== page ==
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Progressive Rock CD Reviews

Jordan Reyne

How the Dead Live

Review by Gary Hill

Hailing from New Zealand, Jordan Reyne is very much a progressive artist – and yet regressive at the same time. While there are those who might not consider this befitting of the heading of progressive rock, I’d say there has always been a tradition of progressive rock and folk working together. Certainly the music of The Strawbs was a classic example, but even Yes flirted with folk at times (think especially of The Yes Album) and Renaissance certainly had a folk element. There is a good deal of goth built into this and it’s all moody and dark. Still, there are fair comparisons to Porcupine Tree to be made. Whatever the particular formula that creates this sound, though, it is an incredibly powerful album. Apparently it was released in 2009. Had I heard it that year it would have without question made my list of best for the year. This is probably going to remain one of my favorite albums for a very long time. It works that well.

This review is available in book format (hardcover and paperback) in Music Street Journal: 2011  Volume 2 at

Track by Track Review
Frome Gravesend

Acoustic guitar melded with gentle vocals create a potent and mellow cut that’s quite pretty and understated. Around the two minute mark some other layers come over the top to complement the sound. Even with the added layers, which don’t rise very far or stay very long, this is essentially a folk tune. Still, it’s not that far removed from the kinds of music a lot of folk prog bands did in the day.

The Micheal Angelo
Atmospheric sounds that have a rather dark and electronic element to them lead this off, yet the track still feels quite folk-like. Multiple layers of vocals really add to the mix.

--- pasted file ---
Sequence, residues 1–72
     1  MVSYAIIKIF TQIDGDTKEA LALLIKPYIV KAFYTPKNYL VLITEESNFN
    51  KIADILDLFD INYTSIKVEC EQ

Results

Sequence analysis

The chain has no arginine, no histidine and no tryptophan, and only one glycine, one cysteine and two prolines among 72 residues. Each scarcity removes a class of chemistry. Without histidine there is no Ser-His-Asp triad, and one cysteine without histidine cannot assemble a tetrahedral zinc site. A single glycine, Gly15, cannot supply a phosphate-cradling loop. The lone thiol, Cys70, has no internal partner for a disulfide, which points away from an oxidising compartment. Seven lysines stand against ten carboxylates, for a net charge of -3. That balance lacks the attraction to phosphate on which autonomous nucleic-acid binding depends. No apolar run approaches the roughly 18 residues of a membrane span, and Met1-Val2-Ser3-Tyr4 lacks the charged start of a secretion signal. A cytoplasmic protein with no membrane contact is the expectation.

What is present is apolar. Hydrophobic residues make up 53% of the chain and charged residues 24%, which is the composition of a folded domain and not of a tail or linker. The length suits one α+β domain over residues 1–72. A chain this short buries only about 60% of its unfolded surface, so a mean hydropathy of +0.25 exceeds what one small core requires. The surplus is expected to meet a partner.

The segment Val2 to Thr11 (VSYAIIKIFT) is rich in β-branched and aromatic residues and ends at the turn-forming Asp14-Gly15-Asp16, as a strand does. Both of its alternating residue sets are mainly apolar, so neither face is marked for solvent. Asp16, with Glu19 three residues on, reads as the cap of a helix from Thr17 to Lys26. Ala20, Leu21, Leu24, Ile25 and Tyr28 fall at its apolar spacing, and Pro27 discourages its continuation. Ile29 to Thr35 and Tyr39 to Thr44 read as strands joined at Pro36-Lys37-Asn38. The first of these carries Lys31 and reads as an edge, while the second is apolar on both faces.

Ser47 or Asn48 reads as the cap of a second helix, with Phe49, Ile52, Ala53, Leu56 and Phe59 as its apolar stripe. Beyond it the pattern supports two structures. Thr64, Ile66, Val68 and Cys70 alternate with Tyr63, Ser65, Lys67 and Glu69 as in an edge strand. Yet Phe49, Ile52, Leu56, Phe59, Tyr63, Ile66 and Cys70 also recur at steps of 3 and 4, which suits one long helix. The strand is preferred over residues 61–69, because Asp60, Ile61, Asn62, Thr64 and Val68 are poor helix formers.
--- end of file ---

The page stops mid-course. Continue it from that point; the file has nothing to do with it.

The Witness
One might hear some country in this piece. The dramatic acoustic guitar melody and hints of electronic and goth textures really add to the mix here. This is a powerful piece of music. The arrangement to this one becomes more involved than anything we’ve heard to this point. I like this one a lot.
The Brave
The beautiful acoustic guitar and vocal textures that lead this off are dramatic and powerful with a definite folk feeling. The overlayers bring in more progressive rock (granted a dark prog) elements.
The Dead
Country and folk elements merge with some goth and progressive rock overtones. The sounds of the ocean are heard along with other nature effects. This is mellow and quite power. It gets louder and more involved later.
The Proximity of Death (Blue Eyed Boy)
The lushest arrangement to this point, there are still plenty of folk elements here, but this is certainly progressive rock. It’s not that dissimilar to something from Porcupine Tree. The chorus is one of the catchiest on show and it’s one of the highlights of the set.
Ghosts (Lest We Forget)
We’re back into mellower, more pure folk territory here. This is pretty and quite tasty. Later in the piece, though, it gets worked out to more rocking sounds and becomes more prog in its delivery and arrangement. The sounds of the ocean come in at the end and seque into the next piece.
More folk rock in nature, this gets quite powerful in terms of the arrangement. It’s got a catchy chorus and somehow feels a bit Irish to my ears. It’s got more of a prog element in the additional layers of the arrangement.
Remembering the Dead
Electronic and folk elements are merged in a dark and dramatic ballad that’s quite powerful.
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